Its not her fault per se, it is western society’s sickness but they are so achingly hip about wind farms and how the world is screwed apparently – isn’t their blinkered refusal to acknowledge the amazing advances in medicine, science and technology a symptom of their warped life view? So jejune. It is clear that she would probably have died in child birth in any other era. And for such a group of hip liberal pro-feminists they utterly ignore the old woman’s perspective before she just owns them all with what a real woman who has truly loved understands that none of them get. But the old lady has to interrupt the conversation because noone has even noticed her, never mind asked her opinion. And even the totally in love mature Greek couple’s ha-ha story is denigrating to men, Such is our world. The young couple hint at what could have originally happened to our pair in a Facebook world as they were clearly miles away from each for months. Cute plot point.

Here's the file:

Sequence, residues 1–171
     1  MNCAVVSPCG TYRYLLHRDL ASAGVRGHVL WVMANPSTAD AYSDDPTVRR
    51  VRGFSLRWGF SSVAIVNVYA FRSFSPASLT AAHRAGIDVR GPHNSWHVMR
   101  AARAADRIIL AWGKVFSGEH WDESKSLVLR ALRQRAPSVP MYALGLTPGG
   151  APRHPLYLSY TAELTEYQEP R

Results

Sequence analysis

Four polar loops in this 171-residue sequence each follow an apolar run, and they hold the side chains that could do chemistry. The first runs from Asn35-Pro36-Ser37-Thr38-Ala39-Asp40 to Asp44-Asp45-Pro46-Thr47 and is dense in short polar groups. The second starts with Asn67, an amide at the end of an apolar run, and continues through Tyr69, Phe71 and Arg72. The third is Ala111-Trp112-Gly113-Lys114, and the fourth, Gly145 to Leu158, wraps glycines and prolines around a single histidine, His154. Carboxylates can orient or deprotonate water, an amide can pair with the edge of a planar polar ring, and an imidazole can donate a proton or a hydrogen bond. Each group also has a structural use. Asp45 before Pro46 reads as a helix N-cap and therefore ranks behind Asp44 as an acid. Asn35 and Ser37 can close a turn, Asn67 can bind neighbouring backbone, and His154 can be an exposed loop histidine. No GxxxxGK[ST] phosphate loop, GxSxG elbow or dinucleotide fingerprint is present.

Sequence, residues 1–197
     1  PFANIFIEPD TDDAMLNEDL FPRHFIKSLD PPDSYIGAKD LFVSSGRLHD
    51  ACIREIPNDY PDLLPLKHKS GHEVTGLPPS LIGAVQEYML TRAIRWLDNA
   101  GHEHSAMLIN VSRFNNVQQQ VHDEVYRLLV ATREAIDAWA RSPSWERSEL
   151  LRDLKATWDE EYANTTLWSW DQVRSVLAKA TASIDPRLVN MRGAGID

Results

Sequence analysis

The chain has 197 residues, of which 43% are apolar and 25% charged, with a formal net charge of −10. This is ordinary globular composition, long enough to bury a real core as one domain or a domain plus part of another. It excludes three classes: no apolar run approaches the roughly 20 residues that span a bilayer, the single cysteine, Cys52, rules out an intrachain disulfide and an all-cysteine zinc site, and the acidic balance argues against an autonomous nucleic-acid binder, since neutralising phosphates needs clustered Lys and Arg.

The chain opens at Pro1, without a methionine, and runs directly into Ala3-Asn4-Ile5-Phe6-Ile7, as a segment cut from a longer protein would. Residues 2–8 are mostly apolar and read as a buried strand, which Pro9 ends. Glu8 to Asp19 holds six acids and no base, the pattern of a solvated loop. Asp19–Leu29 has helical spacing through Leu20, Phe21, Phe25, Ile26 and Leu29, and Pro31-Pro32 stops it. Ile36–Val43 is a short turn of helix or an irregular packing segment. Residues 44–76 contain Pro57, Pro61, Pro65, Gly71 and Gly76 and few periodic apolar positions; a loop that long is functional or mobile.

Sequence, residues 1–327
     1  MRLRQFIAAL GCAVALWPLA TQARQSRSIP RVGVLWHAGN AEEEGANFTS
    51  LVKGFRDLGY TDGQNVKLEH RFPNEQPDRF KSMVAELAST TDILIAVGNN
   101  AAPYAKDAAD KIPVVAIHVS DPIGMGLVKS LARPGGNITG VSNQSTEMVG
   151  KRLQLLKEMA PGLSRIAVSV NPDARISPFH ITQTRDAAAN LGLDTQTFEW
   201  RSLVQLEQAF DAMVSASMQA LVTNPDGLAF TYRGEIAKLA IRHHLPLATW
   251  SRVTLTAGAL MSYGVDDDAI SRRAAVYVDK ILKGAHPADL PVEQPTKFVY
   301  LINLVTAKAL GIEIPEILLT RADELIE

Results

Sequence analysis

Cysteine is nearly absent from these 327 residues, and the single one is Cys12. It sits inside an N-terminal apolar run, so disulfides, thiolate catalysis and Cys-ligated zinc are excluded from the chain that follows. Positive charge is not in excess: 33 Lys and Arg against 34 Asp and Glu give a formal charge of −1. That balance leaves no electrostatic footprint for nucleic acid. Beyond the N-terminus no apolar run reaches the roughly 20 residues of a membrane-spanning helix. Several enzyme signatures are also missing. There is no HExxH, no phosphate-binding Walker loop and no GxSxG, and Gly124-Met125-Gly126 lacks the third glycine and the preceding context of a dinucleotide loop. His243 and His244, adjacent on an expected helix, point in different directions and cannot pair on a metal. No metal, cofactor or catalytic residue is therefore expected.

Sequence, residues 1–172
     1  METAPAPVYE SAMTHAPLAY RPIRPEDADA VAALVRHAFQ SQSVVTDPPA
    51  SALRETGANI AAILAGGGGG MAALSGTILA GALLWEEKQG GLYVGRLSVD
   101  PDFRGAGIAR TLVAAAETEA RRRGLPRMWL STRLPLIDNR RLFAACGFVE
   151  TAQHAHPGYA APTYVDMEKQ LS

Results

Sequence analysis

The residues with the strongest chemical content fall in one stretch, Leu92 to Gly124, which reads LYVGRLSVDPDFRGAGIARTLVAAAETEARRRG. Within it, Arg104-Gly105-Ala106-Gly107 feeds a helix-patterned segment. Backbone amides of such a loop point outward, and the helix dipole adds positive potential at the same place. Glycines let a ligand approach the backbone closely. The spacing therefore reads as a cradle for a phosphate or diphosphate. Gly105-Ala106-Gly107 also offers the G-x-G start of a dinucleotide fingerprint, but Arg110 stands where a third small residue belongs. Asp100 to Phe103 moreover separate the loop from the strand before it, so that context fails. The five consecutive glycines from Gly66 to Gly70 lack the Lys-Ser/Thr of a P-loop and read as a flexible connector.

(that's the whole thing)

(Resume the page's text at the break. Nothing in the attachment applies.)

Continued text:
Having said all that, these are conversations that happen in millions of relationships and, they say, these emotional catharses can perhaps strengthen pair bonding but the claustrophobic entrapment and almost out of control Celine should be a living hell for any self respecting man and a warning not to be sucked into conversations which are just traps women set for men. He even knows it and says it. Where the f is the joy and laughter they dreamed of in Before Sunset? Where is courtesy? Where is role playing? It is the time machine game and the “bimbo” impersonation that, in an apparent but not actual, distortion of so-called “reality”, could and does save these two but they seem to be too foolish to understand the power of such “constructions” even though they can be more real than the alternative. So stupid. These two could possibly just cling to their rickety raft (their life’s work!) and survive together off the back of the time machine incident (solely to Jesse’s credit) and despite his loss of face in crawling after her but in ten years time, it is almost impossible to see what more they could have to say to each other or to us. They have fulfilled their biological imperative and they are done.